It's doubtful whether Telford, despite his training as a stone mason, physically laid any of the roads that he built (readers! please correct us if you know more). A true layer, though, was master road-builder Blind Jack of Knaresborough - engineering timelines gives the briefest of accounts of his remarkable life, and you can also delve into the transcript of an entire 18th Century biography, here.

Finally, (is there any other kind??) gives a digestible history of road construction in the form of a biography of "John McAdam: the Father of the Modern Road" - nicely illustrated with archival clips and images. In any case, no reader of engineering timelines would be caught out at pub quizz by a question about who invented Tarmac...

Speaking of Tarmac, as we were... Transport Focus, the feedback organisation for all users of British transport infrastructure, reports that a smooth ride is still high on drivers' wish-lists: improved road surfaces rank as road users' third-highest priority (after safety and journey time - download the full response here). 

Early novels are full of references to the awfulness of pot-holed roads and the bumpiness of carriage journeys, but it's the first cycling craze that's credited with creating an influential road-users lobby to push for smoother surfacing.

Smoother roads are half the story; smoother vehicles the other. National Museums Scotland provides a brief history of the pneumatic tyre - and if you're able to visit the museum, you can see an original, donated by John Dunlop himself.
Sir Alex Moulton, mentioned in Issue 18 of this newsletter as inventor of the Moulton bicycle, is here pictured with the rubber suspension cone that he devised as a contribution to the design of the iconic Mini car. Rubber was in his blood: his great-grandfather, and agent of US company, Goodyear, had brought the first samples of vulcanized rubber to Britain and established a rubber factory that Alex later joined. You can read his biography on engineering timelines in a new entry sponsored by The Engineering Club.
photograph : courtesy Mini Sport Ltd, used by engineering timelines
Where road meets tyre, a smooth ride is not, however, the absolute highest priority. 1966 has the dubious status of being the year when peacetime deaths on English roads peaked at almost 8,000 fatalities. Among the changes made as a result, innovations in road surfacing and tyre design both played a part in reducing deadliness. The radial tyre saves lives, and a visit to the home of Michelin in the Clermont-Ferrand could thus be considered something of an act of homage - even if, as one reviewer of the museum wearily puts it, "I'm just not that into tyres."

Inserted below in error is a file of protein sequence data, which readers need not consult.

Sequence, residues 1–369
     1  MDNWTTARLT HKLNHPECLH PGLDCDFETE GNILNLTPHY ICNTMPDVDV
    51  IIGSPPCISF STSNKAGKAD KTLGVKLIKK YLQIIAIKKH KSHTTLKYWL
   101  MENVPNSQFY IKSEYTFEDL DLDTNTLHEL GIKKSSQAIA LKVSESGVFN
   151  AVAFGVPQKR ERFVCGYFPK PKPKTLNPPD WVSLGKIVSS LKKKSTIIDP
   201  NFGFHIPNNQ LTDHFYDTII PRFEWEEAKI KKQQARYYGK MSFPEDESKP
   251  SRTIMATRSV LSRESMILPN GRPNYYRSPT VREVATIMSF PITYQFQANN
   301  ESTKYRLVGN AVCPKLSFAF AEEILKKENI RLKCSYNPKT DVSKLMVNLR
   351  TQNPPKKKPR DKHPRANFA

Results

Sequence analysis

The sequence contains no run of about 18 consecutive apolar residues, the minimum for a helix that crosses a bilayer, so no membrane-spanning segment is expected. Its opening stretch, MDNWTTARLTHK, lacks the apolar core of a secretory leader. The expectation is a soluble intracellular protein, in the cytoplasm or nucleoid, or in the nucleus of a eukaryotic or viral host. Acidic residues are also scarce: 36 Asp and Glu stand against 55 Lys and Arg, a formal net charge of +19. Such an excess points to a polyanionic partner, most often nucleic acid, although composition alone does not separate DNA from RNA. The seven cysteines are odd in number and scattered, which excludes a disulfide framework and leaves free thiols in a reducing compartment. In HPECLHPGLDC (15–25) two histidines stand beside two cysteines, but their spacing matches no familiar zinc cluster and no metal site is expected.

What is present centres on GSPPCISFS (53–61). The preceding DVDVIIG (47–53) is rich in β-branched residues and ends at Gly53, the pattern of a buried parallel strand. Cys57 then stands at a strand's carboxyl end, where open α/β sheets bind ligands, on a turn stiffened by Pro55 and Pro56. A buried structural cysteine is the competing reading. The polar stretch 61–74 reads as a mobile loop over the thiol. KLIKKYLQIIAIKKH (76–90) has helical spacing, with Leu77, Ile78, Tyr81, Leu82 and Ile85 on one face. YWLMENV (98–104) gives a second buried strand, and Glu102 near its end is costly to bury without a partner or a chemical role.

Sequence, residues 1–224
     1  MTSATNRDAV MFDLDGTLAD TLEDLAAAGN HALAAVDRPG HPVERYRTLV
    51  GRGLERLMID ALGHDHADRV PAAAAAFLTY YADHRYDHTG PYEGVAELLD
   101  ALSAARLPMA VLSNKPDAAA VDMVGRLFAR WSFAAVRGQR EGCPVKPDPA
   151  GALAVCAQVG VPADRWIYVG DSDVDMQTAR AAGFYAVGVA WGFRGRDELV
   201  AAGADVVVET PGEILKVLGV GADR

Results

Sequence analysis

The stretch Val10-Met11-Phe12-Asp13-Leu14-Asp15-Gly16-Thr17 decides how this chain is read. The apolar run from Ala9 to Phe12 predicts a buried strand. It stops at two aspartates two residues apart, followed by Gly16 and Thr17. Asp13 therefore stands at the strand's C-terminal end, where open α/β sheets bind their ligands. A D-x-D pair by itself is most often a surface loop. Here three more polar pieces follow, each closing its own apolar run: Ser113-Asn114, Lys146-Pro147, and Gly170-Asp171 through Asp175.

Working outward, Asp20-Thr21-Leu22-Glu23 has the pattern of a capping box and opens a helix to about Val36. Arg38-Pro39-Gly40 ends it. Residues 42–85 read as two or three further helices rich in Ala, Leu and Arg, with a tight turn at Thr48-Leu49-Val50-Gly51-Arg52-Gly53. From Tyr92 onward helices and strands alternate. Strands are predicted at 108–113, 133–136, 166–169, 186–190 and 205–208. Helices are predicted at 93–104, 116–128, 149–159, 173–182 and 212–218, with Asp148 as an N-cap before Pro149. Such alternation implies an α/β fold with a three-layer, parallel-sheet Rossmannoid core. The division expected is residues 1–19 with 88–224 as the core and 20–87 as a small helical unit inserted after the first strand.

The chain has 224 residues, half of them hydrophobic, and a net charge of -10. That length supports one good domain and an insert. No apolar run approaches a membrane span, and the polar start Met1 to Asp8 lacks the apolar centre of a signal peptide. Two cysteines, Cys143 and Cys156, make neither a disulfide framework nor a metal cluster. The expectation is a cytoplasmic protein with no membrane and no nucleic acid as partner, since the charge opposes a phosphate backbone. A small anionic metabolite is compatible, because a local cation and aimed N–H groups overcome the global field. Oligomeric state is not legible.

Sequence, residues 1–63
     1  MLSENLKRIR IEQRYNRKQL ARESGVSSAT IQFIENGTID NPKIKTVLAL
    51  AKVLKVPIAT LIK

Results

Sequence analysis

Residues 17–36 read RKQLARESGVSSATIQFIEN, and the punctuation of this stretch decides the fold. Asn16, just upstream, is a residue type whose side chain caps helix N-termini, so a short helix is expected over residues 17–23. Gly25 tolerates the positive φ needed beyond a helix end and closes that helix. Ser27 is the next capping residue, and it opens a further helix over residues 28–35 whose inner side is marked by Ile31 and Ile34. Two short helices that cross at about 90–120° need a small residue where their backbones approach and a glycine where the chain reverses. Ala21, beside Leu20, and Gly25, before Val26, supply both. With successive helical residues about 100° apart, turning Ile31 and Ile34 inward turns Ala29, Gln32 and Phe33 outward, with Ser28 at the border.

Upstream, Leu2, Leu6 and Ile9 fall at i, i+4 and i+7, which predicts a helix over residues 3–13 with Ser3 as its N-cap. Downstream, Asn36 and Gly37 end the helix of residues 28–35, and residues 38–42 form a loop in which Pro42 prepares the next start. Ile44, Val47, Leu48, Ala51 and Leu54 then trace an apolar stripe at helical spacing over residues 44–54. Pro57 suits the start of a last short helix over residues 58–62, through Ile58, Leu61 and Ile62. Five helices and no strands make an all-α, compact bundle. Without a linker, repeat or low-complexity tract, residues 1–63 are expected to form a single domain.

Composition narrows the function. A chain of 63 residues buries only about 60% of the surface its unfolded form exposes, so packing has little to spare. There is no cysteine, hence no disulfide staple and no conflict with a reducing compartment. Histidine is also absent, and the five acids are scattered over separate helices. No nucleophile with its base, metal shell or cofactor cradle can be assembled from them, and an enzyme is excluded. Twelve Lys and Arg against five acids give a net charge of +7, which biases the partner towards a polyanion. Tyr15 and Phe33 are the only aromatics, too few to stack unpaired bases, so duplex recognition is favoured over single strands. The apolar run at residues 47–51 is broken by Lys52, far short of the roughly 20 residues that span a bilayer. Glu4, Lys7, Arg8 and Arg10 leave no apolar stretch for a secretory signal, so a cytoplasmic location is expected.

Could Michelin's clip about tyre manufacture change even a jaded reviewer's mind? Details of the process appear simplified for general consumption, but the coils of molten rubber are just gorgeous!
"Help! we're drowning!" The message of this artwork by Barcelona artist, Pejac, couldn't be clearer - and he has a point. While in some countries discarded tyres are subject to a mandatory 100% recycle programme, others still host extensive dumps of old tyres that are destined for non-degradable landfill and prone to spontaneous combustion.
photo : copyright pejac via

People use a lot of tyres. Despite leaps in technology relating to other aspects of vehicular transport, it doesn't look as if that feature is going to change any time soon. With a sort of poetic symmetry, it is now possible to recycle the rubber component as part of rubberized asphalt that has the potential to reduce traffic noise - this short 2010 video made by the European Research Media Centre explains the process.

Although the statistics vary somewhat, it's clear that the roadbuilding industry is, in fact, hot on recycling (or cold on recycling, depending which process you use). And the possibilities for innovative additives grow apace, with recycled plastic roads announced last year as the latest British innovation. The technology used by MacRebur, the company involved, may be new, but as early as 2008 some in the music press were crowing about the reuse of poorly-selling Robbie Williams CDs in Chinese road building.

From Robbie Williams to Owen Williams... it would be ludicrous to reflect on the history of roads without a substantial nod towards the motorway. The history and origin of many notable stretches is described here, on engineering timelines.

Readers might also like to consider lobbying BBC4 for a repeat of its excellent three-part series from 2008, "The Secret Life of the Motorway".  There are currently no plans to broadcast it again, so you can only see the very brief clips - but even so, you do get to watch Williams saying, as he designs the M1, "...there is no other effort in the world being made, comparable to this."
2015 marked the 50th anniversary of the British road sign, designed by Jock Kinneir and Margaret Calvert and celebrated by the British Road Sign Project and a 2015 exhibition at London's Design Museum. The sign depicted is one of a series commissioned by the British Road Sign Project: we know where we get off!

image : copyright Mark Bonner, GBH